Happiness flow chart (sorta).
I had the idea just now to make a flow chart about feeling good that covers all the general possibilities.
How do I feel right now?
Good! -> appreciate it!
Can I find a better feeling?
Yes! -> appreciate it!
Can I accept/make peace with where I am right now?
Yes. -> appreciate it.
Can I soothe myself?
Yes. -> keep soothing.
No. -> go have a nap, find a simple distraction, change the subject, get your mind off what is bothering you.
A more positive approach?
But this flow chart feels like it could be more positive. I mean, it’s good to demonstrate what to do when you feel bad, but it doesn’t really develop a good feeling.
For all intents and purposes, good feeling is the grace, spirit, divine presence, whatever you want to call it, that we seek to cultivate by prayer or meditation.
When people visualise a pure white light surrounding and infusing them, the whole point is that this visualisation feels good.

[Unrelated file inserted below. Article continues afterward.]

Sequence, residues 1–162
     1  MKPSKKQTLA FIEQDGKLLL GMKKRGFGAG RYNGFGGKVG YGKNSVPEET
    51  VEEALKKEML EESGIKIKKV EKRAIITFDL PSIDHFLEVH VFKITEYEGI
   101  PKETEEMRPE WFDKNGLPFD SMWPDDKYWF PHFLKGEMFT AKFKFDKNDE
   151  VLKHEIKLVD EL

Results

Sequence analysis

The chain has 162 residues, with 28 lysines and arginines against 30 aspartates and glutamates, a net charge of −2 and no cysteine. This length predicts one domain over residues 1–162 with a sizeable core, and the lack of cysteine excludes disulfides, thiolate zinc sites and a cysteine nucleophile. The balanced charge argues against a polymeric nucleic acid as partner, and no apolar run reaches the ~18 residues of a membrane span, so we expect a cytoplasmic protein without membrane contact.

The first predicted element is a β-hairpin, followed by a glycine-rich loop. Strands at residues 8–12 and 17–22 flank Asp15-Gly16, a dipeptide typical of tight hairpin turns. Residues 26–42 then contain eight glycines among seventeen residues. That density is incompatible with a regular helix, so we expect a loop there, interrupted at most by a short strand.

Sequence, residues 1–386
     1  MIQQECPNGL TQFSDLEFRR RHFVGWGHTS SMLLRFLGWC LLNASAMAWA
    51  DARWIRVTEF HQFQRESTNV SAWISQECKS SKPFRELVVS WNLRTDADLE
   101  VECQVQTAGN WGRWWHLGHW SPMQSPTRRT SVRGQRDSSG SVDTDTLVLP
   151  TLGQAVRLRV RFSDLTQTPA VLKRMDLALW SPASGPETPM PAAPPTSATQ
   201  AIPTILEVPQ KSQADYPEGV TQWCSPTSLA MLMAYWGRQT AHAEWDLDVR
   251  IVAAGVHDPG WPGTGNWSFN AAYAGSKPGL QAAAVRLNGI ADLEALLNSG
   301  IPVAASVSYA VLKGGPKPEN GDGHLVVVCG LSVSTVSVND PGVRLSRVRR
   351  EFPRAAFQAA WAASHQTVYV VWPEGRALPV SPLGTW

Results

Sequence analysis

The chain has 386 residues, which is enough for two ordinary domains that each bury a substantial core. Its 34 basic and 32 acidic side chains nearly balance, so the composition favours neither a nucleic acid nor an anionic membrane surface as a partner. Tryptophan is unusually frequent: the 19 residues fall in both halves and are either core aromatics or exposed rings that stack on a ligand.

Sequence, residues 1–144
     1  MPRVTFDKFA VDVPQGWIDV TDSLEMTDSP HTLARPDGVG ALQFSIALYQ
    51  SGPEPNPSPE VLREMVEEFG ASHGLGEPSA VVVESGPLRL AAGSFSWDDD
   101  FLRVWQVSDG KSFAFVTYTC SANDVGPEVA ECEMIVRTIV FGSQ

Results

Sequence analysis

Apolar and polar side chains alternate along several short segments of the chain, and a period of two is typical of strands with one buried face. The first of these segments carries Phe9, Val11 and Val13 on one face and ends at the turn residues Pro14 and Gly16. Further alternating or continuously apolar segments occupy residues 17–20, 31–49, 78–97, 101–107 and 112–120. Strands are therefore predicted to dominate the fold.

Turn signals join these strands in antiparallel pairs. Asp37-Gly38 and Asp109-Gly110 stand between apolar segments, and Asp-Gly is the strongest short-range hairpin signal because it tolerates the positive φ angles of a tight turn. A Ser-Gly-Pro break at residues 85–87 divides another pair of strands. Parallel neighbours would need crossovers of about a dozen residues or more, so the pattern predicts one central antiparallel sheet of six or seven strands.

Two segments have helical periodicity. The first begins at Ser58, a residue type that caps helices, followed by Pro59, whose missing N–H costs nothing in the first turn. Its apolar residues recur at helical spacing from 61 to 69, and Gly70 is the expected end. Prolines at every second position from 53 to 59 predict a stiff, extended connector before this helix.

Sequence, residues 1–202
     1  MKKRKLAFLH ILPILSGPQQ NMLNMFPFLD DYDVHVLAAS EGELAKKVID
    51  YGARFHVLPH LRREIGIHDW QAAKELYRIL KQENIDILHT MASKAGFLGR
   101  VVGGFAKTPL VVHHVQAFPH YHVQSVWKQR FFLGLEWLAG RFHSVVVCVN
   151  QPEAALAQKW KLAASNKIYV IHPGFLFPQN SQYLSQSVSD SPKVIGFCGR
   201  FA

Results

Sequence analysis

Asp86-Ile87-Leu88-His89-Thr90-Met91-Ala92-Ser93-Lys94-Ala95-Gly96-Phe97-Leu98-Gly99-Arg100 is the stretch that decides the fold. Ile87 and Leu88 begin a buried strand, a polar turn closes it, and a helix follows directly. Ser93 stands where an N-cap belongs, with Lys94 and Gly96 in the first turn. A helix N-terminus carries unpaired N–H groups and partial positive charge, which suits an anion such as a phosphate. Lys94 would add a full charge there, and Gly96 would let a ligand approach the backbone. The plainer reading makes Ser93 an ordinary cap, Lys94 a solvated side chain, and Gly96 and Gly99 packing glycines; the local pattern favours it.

If it doesn’t feel good, it isn’t working for you.
I can visualise all sorts of things and have no effect whatsoever.
That’s where I went wrong in the past: not by visualising per se but by thinking the point of all the different spiritual practices was something other than feeling good.
Meditation should feel good. Prayer should feel good. Sometimes it’s difficult, sure. But it mostly should feel good.
If you’re accustomed to feeling bad and distrusting ordinary good feelings, you might make the mistake of thinking spiritual practices should not feel good.
You might overemphasise stories of struggle and effort and how “different” spiritual practice is from everything else in life.
But the bottom line is that it should feel good. And for my purposes I should treat good feeling as a direct sign of the spiritual substance I’m seeking to connect with.
The presence of God feels good. Divine love feels good. Our hearts’ desire is to feel good.
Feeling good is the path and the destination. Accept it, embrace it, and be changed by it until everything feels good for you.